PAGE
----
IAAI, Washington State Chapter
9116 E Sprague Ave. #186
Spokane, WA 99206-2301
Strategies for retaining Evidence Quickly and at a Minimum Cost
By Craig Evezich
Craig Evezich is an attorney who specializes in litigating large property losses for home and commercial insurance carriers. He is a charter member and Co-President of the Northwest Chapter of the National Association of Subrogation Professionals. He lives in Washington State, but advises clients throughout the United States.
Your O & C reports from the field that the fire was
caused by arson, a product, or negligence. To hold that person or entity responsible
for the fire, you need to maintain the scene and preserve the evidence. This
can be an expensive and trying process if you let it manage you instead of
you managing it.
The first thing you need to do is carefully communicate with
the person who owns the property. Make sure that someone has a sit down
with that person and not only explains the process of investigating a fire
and preserving the scene and evidence, but also helps them understand why
the person or entity that may have been involved in the cause of the fire
needs to have access to the scene and evidence. Make sure they understand
that you have not made a determination yet about the cause of the fire and
cannot do so until the investigation process is completed.
Fires are emotional events and, especially if the property is a home, the owner will be emotional, but usually willing to help. Explaining to them that by going through this process the cause of the fire may be determined usually goes a long way towards them helping you. Explain how long the process should take and what will be involved. Keep them in the loop. Communicate with them by email or phone. Let them know who is being put on notice and when the examination is being scheduled. Keep them apprised of changes in the examinations and the expected date the property will be released for destruction. Remember that they are looking at their burned out home or business on a daily basis and getting it demolished is a big part of them getting over the fire.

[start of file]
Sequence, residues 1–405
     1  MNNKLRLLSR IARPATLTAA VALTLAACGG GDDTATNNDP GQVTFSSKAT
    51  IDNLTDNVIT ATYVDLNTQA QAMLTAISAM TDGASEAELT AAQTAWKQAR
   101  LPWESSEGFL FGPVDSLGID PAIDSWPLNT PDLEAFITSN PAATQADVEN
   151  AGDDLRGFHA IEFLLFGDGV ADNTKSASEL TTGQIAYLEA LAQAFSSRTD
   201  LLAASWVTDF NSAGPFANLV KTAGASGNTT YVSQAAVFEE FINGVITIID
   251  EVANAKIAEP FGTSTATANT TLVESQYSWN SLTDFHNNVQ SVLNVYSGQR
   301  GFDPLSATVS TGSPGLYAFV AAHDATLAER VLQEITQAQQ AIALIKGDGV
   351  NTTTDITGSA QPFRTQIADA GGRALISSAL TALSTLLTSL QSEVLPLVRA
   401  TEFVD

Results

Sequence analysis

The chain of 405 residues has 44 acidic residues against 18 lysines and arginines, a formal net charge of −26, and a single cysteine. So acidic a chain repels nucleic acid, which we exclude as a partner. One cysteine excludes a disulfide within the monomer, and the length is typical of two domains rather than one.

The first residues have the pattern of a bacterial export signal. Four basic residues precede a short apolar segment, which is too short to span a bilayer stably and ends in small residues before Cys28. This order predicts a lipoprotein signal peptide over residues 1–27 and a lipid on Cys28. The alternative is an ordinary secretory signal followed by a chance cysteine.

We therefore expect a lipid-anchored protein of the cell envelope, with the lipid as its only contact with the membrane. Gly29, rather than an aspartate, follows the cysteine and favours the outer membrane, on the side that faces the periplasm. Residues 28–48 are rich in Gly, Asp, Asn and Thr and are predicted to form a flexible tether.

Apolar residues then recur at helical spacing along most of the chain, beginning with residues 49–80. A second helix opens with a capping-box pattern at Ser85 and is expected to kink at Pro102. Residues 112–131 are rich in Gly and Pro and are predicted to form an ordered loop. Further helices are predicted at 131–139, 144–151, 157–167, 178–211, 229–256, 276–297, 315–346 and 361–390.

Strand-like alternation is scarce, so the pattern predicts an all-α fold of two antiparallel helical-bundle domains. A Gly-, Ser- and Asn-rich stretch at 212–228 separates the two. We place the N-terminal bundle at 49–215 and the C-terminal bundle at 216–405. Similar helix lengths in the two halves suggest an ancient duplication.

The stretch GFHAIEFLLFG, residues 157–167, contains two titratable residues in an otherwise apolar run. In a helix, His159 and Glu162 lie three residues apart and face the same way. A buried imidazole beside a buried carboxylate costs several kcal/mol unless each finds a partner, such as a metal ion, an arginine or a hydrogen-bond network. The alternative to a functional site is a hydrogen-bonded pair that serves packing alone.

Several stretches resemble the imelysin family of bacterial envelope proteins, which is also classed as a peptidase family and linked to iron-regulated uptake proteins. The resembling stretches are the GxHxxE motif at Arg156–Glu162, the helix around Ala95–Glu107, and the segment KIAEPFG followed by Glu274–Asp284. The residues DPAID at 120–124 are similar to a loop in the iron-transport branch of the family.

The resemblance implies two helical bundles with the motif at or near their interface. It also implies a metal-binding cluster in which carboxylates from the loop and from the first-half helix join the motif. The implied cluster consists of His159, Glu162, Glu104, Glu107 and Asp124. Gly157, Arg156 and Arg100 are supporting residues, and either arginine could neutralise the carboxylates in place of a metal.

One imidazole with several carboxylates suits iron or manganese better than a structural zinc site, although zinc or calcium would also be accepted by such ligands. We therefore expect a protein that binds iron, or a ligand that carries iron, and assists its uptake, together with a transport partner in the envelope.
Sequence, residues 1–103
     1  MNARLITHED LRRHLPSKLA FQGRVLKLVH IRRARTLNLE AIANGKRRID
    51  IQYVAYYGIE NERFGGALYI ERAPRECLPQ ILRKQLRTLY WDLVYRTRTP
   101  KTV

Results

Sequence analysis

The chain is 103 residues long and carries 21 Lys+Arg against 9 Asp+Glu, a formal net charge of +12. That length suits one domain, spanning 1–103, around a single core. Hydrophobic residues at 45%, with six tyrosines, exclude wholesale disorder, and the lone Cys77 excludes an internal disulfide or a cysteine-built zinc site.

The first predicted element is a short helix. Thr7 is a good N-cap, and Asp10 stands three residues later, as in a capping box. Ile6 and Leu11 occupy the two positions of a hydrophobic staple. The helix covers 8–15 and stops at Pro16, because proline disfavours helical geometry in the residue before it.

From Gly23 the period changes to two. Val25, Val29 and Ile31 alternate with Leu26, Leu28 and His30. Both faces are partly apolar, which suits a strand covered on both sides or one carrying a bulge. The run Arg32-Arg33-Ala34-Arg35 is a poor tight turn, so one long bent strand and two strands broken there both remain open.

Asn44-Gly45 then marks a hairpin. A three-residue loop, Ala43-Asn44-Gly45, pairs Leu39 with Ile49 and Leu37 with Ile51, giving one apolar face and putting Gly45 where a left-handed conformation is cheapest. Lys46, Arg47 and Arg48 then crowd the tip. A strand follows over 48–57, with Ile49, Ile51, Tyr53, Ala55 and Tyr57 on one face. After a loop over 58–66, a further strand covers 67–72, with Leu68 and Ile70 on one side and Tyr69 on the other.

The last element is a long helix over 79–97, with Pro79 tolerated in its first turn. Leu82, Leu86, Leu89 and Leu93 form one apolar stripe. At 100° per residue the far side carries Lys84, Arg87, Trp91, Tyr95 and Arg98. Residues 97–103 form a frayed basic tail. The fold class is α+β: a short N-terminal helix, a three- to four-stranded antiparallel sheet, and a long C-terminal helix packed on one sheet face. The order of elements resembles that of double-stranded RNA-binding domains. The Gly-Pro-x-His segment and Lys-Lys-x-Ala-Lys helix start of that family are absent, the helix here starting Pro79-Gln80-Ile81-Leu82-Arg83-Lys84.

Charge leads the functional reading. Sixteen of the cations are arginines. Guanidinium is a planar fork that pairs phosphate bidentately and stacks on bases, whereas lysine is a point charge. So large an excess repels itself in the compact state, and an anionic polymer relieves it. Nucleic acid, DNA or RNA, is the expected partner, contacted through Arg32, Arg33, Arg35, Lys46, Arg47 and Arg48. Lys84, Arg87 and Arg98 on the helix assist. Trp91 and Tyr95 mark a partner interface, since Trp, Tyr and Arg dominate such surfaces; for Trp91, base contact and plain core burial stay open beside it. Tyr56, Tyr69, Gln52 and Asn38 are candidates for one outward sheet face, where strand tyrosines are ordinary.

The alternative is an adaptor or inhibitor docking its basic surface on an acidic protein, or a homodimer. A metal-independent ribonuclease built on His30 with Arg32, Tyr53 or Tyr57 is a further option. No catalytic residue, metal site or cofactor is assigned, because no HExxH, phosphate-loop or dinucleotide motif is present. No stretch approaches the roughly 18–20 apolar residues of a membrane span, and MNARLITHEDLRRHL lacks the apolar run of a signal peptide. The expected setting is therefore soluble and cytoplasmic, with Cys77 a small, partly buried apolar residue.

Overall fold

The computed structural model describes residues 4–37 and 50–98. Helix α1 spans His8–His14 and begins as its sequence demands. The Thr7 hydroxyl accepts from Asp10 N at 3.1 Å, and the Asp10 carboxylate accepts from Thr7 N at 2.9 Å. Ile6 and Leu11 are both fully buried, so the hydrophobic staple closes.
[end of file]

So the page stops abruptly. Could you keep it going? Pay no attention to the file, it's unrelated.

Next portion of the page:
Your investigator needs to get from the insured as much information
as possible about what may have caused the fire. Serial numbers, model numbers,
manufacturers, purchase documents (if they survived the fire), age of the
products, date when work was performed, etc
are all issues that need
to be explored.
From this information, you can put the potentially liable
party on notice. This usually includes the contractor, subcontractors, suspected
arsonist, or product manufacturer. Make sure you couch the letter in terms
of their involvement being the potential cause of the fire and
you give them a reasonable estimate of the amount of the loss. Send your letters
via traceable means.
In your letter, set a date for the examination, tell them
that this is their only chance to visit the scene, and that the property will
be destroyed, without further notice, immediately upon the completion of the
examination. By setting the date, you dont allow them to dictate when
they will examine the scene. When a date is set, they always are able to find
an investigator to be there on that day; when dates arent set, there
is no rush to get an investigator to the scene. By setting a date, the investigation
goes faster and your O & Cs involvement (and costs) is kept to a
Your O & C should make it clear at the beginning that
he is running the scene examination. A protocol should be established prior
to starting the examination. The protocol doesnt need to be in writing,
but it does need to be agreed to by everyone at the scene.
Its not unusual that at the scene, an O & C will
ask that you retain a huge piece of evidence that your O & C considers
completely irrelevant to the cause of the fire. Ive seen instances of
O & Cs requesting that entire walls be retained when no other O
& C at the scene thinks that the wall has anything to do with the fire.
Your answer is simple: We dont think its relevant, but you are
free to take it if you want, as long as you maintain it according to the relevant
standards. Nine times out of ten, the wall stays in place.
At the end of the examination, your O & C should be in
possession of all of the evidence retained from the scene and he should ask
everyone if there is anything else that they would like to do with regard
to the scene prior to its destruction. If there is, establish as soon as possible
when that will occur; if there isnt, have him let everyone know that
the scene will be destroyed immediately.
Its important that you determine after the scene examination
whether there are any other parties that need notice of the claim. Commonly,
a scene examination will determine that component manufacturers or additional
subcontractors may have a role in the fire. Speak to your attorney or investigator
about the need to notify them of the claim.
You now need to let the insured know that the scene is ready
to be cleared and that a destructive evidence examination may take place next.
Follow the same process of setting a date in your notice letter about the
evidence investigation and this will speed the process.
By following this process you ensure that you have retained all of the evidence, notified all interested parties of the claim and allowed them to inspect the scene and evidence, and have done so with as much speed, and at the least cost, as possible.